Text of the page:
I was surprised this morning to hear that David Bowie has died. I had no idea that he was sick--why would I? He just released an album, which sounds like it's fabulous. This podcast made me want to go out and buy the CD right now, except that no stores are open.
I've always been intrigued by David Bowie's ability to reinvent himself--and often to become exactly what the culture needed, but didn't know they needed.
I need that message that I, too, can reinvent myself too--it's never too late to explore different possibilities for my life and my art. I love the fact that David Bowie spent the last years of his life creating a jazz album that's not only a solid effort, but may well come to be considered a brilliant contribution to the field.
I also admire David Bowie for seeming to stay above societal pressure in his art. The easy thing would be to do what one has always done, what the fans clamor for, what society expects one to be. David Bowie rarely bowed to those pressures.
I feel that Bowie's music was part of the sonic backdrop of my youth. In the 70's, when he experimented with personas and androgyny and different styles (in terms of both music and clothes), I was young and not allowed to watch much TV, so I wouldn't have known about any of that. But my mom had the radio on throughout the day, and we listened to AM stations which played a wide variety of music--so you might hear "Fame" followed by something by the Eagles and then an old Johnny Cash song then "Space Oddity," and then something from Glen Campbell and then a Beatles song.
And then came the album Let's Dance, which seemed to play throughout my last year of high school. "Modern Love may be my all-time favorite Bowie song. Or would it be "Under Pressure," which combines Bowie's talents with one of my all-time favorite bands, Queen?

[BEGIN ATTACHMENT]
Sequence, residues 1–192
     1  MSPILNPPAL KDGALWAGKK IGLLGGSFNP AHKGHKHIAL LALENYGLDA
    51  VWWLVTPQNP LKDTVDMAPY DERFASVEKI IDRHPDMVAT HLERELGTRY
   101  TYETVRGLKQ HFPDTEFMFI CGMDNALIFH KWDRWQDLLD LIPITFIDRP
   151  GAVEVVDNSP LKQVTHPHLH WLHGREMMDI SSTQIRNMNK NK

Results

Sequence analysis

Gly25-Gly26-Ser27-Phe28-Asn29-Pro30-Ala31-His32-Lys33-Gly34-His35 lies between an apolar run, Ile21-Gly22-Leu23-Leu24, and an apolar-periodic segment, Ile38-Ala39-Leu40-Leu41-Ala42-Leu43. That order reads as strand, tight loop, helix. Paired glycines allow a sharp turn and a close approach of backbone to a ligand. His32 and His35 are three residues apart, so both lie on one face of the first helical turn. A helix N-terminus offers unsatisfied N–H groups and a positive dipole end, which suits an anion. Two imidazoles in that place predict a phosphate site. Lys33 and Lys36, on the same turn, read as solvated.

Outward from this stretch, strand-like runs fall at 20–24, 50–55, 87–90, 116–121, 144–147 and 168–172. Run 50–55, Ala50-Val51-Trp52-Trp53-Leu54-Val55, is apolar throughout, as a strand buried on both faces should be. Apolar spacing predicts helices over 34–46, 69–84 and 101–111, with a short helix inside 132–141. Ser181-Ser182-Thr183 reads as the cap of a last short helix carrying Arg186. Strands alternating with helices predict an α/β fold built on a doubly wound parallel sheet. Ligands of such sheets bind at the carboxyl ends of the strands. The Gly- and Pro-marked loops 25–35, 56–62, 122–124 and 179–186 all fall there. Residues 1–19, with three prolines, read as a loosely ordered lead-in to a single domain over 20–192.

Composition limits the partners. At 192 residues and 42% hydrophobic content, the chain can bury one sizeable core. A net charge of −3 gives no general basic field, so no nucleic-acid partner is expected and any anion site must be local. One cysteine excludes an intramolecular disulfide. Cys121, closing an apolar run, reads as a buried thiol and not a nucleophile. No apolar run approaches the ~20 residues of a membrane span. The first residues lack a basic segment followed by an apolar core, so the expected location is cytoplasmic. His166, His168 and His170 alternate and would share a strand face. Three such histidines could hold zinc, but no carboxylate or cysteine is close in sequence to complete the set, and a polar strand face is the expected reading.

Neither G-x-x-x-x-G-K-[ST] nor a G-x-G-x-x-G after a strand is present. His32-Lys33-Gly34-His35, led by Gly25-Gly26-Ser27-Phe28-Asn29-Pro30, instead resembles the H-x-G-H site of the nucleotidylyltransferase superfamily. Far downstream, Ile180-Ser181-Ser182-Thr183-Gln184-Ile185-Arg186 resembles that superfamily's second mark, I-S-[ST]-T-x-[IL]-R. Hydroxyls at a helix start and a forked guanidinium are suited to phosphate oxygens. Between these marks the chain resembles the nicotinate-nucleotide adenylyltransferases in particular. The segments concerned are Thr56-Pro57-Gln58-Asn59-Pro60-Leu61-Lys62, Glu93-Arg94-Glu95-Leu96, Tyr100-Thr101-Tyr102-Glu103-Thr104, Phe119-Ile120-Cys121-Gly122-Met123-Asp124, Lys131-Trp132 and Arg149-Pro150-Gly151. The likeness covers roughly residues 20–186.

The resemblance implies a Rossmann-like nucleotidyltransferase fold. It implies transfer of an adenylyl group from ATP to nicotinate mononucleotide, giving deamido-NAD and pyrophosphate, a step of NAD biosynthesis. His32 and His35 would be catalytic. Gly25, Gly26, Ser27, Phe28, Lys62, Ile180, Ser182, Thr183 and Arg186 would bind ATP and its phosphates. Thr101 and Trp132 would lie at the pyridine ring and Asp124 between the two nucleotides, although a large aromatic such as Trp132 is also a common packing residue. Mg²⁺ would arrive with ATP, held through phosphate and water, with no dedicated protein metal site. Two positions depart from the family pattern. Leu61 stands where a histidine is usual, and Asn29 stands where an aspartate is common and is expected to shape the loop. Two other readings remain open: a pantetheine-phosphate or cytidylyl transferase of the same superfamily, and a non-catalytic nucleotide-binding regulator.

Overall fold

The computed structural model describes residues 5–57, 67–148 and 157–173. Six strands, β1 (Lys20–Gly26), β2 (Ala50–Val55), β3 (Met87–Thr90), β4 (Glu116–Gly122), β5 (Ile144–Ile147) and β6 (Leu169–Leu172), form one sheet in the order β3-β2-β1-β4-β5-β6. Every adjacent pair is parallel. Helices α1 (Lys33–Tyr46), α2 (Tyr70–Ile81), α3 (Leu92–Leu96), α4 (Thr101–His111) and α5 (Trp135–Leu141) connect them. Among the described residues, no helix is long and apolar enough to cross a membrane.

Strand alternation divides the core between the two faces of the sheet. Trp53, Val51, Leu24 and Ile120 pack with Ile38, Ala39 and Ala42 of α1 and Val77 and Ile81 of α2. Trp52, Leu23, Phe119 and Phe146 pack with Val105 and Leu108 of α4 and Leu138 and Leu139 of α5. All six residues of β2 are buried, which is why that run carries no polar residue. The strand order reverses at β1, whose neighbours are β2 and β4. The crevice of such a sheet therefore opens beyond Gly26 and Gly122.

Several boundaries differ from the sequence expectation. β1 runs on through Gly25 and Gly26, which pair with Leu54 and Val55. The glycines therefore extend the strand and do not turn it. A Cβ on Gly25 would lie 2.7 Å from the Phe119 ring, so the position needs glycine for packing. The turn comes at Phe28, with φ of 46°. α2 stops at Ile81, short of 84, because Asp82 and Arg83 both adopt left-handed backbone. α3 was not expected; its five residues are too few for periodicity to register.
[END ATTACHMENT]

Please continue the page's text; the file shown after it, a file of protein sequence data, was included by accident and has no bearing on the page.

So many songs to choose from! I'll take my Best of Bowie CD with me today and listen and mourn.
I always feel a twinge of sadness when I hear of someone's passing--but when it's someone as talented as David Bowie, the world seems washed in tears.
Years ago, I couldn't get enough of the song "Heroes." I was reading apocalyptic literature, as I usually am, listening to that song, and this poem emerged. It has been unpublished until now.
With the ruins
of an industrial city behind
us, we see the sun
shine on this beach of stones.
It pours through the poisonous
haze, and we remember our mothers
who praised the virtues
of fresh air and sunshine,
the cure for all ailments.
We wish for that healing but can’t hold
much hope. We share
the last peach that the planet
will produce, at least in our lifetimes.
You hand me a chunk of cheese.
I pour the last of the wine.
Our kisses taste of luxuries lost.
We strip to our bare skins
to lie on the sun-soaked stones,
ignoring the risks of radiation
seeping into our cells,
to feel this way
one last time.
Best Essay Collections of 2017 by Women Authors
1 month ago